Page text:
Erdoğan calls on Germany to ‘straighten out’ Austrian PM
Turkish President Recep Tayyip Erdoğan had met Sebastian Kurz in June 2014 when the latter politician was Austria's Foreign Minister.
Turkish President Recep Tayyip Erdoğan has continued his salvoes against Austrian Prime Minister Sebastian Kurz over Vienna’s decision to shut down seven mosques and expel 40 imams, calling on Germany to “straighten him out.”
“I’m making a call to the Austrian prime minister: You are young yet and you need experience. Your inexperienced behaviours like these can cost you heavily,” Erdoğan said at a late night event to mark the Islamic observance for Laylat al-Qadr on June 10.
Repeating his earlier warning that Austria’s decision “may start a crusader-crescent war,” the Turkish president added: “I am also making this call to the whole West, particularly to Germany: Straighten out your man. Otherwise the situation may get out of hand. We have some steps to be taken in accordance of our arguments. We will not let our 250,000 brothers be oppressed there [in Austria]. We will do what is needed.”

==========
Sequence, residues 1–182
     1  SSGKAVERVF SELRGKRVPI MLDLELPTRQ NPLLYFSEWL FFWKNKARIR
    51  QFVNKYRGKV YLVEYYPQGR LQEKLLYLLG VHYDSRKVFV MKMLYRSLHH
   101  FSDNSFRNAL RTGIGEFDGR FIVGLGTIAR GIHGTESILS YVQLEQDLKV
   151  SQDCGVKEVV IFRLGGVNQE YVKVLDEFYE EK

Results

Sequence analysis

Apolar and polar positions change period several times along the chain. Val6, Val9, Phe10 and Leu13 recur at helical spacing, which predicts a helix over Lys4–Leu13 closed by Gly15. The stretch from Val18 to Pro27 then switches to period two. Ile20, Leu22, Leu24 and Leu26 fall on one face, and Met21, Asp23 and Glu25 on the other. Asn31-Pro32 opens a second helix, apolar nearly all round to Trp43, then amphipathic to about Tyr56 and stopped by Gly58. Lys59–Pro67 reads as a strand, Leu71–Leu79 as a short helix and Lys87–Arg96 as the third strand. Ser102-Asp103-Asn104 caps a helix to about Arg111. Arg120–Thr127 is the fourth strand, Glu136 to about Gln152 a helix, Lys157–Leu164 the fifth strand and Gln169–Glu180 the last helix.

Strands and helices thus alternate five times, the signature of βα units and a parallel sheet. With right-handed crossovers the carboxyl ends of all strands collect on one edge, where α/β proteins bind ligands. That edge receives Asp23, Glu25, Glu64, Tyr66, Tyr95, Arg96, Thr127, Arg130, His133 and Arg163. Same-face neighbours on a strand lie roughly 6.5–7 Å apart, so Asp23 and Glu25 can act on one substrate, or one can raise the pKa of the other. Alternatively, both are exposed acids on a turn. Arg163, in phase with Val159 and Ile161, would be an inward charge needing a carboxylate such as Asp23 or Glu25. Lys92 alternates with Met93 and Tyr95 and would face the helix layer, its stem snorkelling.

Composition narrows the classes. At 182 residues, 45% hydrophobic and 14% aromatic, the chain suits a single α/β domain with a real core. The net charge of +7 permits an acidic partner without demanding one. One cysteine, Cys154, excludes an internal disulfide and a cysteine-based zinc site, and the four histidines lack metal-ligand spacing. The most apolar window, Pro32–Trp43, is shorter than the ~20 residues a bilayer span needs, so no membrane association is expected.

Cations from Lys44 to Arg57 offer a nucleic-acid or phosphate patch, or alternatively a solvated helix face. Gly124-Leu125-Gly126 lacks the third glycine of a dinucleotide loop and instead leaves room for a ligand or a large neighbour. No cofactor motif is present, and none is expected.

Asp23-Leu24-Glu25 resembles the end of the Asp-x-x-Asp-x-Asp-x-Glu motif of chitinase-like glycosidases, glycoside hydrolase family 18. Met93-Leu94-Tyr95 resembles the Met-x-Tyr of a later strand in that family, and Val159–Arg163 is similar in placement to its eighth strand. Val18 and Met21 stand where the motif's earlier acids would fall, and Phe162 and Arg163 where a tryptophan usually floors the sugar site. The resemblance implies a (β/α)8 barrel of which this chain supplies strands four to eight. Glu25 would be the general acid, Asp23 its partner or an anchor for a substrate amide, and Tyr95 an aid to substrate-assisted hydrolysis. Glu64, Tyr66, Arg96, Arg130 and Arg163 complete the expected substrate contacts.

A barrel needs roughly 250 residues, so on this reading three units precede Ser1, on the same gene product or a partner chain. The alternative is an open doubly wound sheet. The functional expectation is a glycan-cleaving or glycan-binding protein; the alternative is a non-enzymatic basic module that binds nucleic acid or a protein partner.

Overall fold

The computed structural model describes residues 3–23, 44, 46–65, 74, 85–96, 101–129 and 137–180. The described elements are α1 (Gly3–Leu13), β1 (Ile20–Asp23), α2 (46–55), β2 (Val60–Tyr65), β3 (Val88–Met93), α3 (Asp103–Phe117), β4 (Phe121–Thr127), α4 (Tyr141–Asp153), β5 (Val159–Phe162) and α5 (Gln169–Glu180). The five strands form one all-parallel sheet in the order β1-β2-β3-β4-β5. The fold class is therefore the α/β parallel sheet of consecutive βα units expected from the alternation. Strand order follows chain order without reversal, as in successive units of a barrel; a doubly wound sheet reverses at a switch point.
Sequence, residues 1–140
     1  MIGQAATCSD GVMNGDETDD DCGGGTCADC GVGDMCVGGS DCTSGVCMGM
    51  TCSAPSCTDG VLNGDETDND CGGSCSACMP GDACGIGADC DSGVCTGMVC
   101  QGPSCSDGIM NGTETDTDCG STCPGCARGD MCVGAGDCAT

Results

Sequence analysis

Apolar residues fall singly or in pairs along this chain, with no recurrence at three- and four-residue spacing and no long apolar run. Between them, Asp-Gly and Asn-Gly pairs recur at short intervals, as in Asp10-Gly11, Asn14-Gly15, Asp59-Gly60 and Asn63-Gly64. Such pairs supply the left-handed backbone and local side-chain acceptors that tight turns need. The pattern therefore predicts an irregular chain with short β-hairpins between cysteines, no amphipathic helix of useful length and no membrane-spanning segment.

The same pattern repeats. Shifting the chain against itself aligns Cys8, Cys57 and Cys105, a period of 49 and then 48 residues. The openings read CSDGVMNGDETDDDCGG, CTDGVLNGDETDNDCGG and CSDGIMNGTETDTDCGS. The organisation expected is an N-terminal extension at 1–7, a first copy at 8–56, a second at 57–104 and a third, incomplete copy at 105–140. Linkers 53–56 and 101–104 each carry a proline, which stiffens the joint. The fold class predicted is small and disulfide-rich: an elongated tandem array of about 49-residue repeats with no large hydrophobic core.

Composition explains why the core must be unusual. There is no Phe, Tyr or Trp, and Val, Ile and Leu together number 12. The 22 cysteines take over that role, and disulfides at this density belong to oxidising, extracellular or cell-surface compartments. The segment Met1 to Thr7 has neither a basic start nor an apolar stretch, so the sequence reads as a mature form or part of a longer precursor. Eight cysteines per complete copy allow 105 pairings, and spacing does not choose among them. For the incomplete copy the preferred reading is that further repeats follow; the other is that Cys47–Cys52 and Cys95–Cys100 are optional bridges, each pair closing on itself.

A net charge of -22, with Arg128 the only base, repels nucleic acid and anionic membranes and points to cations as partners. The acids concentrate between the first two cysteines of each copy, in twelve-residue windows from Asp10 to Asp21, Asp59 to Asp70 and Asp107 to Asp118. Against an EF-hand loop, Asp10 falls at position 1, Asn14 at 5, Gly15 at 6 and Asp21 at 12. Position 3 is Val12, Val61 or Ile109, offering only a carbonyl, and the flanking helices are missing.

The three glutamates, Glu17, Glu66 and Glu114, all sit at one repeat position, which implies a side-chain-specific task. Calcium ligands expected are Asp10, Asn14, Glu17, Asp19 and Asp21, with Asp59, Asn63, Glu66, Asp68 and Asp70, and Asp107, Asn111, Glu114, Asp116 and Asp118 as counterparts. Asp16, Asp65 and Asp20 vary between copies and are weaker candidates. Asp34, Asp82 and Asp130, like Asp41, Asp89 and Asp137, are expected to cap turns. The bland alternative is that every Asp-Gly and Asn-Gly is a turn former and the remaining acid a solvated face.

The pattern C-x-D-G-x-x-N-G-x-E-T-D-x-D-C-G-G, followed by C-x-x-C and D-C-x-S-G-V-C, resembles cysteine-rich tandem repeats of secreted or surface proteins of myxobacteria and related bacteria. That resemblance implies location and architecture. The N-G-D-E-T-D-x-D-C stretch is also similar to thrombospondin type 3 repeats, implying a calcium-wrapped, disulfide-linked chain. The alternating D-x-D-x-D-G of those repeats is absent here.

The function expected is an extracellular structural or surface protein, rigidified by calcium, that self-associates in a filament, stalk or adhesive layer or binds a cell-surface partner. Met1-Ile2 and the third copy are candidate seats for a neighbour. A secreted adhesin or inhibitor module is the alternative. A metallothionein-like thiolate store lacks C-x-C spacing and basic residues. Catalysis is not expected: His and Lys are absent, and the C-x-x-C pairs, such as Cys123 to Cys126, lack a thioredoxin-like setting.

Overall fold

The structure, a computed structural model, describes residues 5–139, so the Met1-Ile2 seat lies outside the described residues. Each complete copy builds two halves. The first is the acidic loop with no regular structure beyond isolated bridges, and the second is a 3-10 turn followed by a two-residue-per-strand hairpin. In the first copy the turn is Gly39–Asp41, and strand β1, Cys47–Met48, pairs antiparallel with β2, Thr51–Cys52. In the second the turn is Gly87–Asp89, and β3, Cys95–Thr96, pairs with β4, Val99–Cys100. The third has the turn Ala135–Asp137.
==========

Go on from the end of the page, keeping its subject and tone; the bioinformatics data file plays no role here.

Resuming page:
Erdoğan’s remarks were a response to the measures announced by Kurz on June 8 to expel several foreign-funded imams and shut seven mosques in a crackdown on “political Islam.”
Kurz said the investigation on several mosques and associations conducted by the Interior Ministry and the Office of Religious Affairs had been concluded and that the activities of seven mosques were found to be forbidden, one of them belonging to the Turkish-Islamic Cultural Associations (ATIB).
The Austrian chancellor added that the imams would be deported on grounds of being foreign funded.
“Parallel societies, political Islam and radicalization have no place in our country,” Kurz said.
'We will ignore Austria's term presidency'
Meanwhile, Turkey’s EU Minister Ömer Çelik vowed that Ankara will take “serious steps” against Austria and he will not pay any visit to the country during its EU term presidency between July 1 and Dec 31 this year.
“We will ignore Austria’s term presidency,” Çelik said in a televised interview on June 11.
Describing the Austrian government as a “powder barrel” for the future of Europe, Çelik blasted Austrian Chancellor Sebastian Kurz as “the symbol of racism and anti-Islamic sentiment.”